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Lottery Probability for Dummies

Updated on March 14, 2015
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TR Smith is a product designer and former teacher who uses math in her work every day.

Learn lottery math for with this easy guide for dummies!

Do you consider yourself a math dummy but still want to understand how lottery odds work? With a little patience and a willingness to learn, even dummies can become more aware of what lottery probabilities mean and even how to calculate them. Rather than present a list of combinatorial and probability formulas with realistic but complicated examples, this article will explain how the formulas are derived using extremely simple examples even a dummy can understand. From there, you can figure out how to calculate probabilities and odds for any lotto game.


Counting the Total Number of Outcomes (Possible Ticket Combinations) and the Jackpot Probability

The cornerstone of calculating lottery probabilities is learning how to count all the possible lottery ticket number combinations. Combinatorial formulas provide shortcuts since enumerating all the ticket combinations would be an onerous task for a lottery such as Powerball, which has 175,223,510 different combinations.

However, we will use a very simple lottery with a small number of ticket combinations as an example where enumerating all the possible combinations is not such a hard task. Let's call this simple lotto game Pick 3 Out of 8. In this imaginary lottery, three distinct numbers are selected from the set {1, 2, 3, 4, 5, 6, 7, 8}. If you match all three numbers, you win the jackpot. The order of the three numbers does not matter. To figure out the probability of winning the jackpot, we first need to figure out how many different three-number selections there are. Enumerating them all, we find there are 56.

 
 
 
 
 
 
 
123
136
157
237
258
356
458
124
137
158
238
267
357
467
125
138
167
245
268
358
468
126
145
168
246
278
367
478
127
146
178
247
345
368
567
128
147
234
248
346
378
568
134
148
235
256
347
456
578
135
156
236
257
348
457
678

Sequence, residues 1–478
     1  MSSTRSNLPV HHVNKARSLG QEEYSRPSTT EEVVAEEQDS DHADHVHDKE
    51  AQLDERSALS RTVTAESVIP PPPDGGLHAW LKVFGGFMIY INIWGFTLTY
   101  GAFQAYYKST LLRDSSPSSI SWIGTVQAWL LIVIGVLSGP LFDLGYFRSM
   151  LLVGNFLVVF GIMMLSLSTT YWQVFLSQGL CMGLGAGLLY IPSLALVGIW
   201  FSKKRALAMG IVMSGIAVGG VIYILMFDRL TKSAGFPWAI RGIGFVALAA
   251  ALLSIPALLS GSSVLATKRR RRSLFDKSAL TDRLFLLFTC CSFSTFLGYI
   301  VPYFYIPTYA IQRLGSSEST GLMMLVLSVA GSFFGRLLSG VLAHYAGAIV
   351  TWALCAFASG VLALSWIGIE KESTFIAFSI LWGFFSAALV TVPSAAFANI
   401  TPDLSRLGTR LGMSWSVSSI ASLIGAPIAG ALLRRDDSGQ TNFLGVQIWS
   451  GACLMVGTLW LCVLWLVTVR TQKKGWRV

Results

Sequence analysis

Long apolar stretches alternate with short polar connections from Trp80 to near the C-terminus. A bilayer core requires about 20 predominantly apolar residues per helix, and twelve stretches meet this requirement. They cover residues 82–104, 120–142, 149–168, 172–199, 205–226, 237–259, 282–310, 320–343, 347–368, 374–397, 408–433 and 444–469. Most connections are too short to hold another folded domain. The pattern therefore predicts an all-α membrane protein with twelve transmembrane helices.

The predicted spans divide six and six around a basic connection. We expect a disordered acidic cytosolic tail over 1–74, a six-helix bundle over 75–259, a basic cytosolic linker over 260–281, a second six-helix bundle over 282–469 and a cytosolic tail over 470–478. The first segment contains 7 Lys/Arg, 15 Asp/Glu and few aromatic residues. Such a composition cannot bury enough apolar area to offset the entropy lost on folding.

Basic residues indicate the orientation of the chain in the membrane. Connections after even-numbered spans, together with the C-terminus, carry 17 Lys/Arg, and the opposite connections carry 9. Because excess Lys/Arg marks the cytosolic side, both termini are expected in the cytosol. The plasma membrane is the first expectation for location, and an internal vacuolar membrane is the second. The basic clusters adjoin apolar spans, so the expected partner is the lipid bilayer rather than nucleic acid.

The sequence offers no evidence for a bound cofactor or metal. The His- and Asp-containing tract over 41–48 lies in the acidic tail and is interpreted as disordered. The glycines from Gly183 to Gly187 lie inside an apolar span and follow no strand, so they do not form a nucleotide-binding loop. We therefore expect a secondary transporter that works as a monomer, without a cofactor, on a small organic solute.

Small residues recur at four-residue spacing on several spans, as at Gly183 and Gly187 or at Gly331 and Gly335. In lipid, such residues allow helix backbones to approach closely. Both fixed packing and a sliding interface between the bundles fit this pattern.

Since only one out of the 56 possible ticket combinations can be the winner, the probability of winning the jackpot is 1/56 ≈ 0.017857, or about 1.78%.

How do we go from counting out all the possible ways to pick three numbers out of a set of eight to using a shortcut formula?

If we consider that there are 8 possibilities for the first number drawn, then 7 possibilities for the second number drawn, and then 6 possibilities for the third number drawn, we should get a total of 8 x 7 x 6 = 336 different lottery tickets. But what is wrong with this calculation is that we have counted the numbered of ordered sets of three numbers. In the lottery, the order doesn't matter. For any three elements A, B, and C there are 6 different ways of ordering them:

ABC - ACB - BAC - BCA - CAB - CBA

There are 6 different orderings because there are three possible choices for the first number, two for the second, and one for the last, and 3 x 2 x 1 = 6. This is called a permutation. Therefore, to get the correct count we have to divide 336 by 6. This gives us the correct value of 56 which is demonstrated in the table above.

The expression that directly counts the number of tickets is 8! / (5! x 3!), where ! is the factorial function. Working this out gives you

8! / (5! x 3!) =
[8 x 7 x 6 x 5 x 4 x 3 x 2 x 1] / [5 x 4 x 3 x 2 x 1 x 3 x 2 x 1]
= [8 x 7 x 6] / [3 x 2 x 1]
= 336 / 6
= 56

For any lottery in which you must pick K numbers from 1 to N, the total number of different ticket combinations is

N! / [(N-K)! x K!]

And the probability of winning the jackpot in such a lottery is the reciprocal of this number

[(N-K)! x K!] / N!

In this example, we applied the formula with N = 8 and K = 3.


How to Calculate Odds When the Lottery Has an Extra Ball

Many lotteries are structured such that you pick K distinct numbers from 1 to N, and then an extra number from between 1 and P. For example, Powerball and MegaMillions are structured this way. In that case, the total number of ticket combinations is

P x N! / [(N-K)! x K!]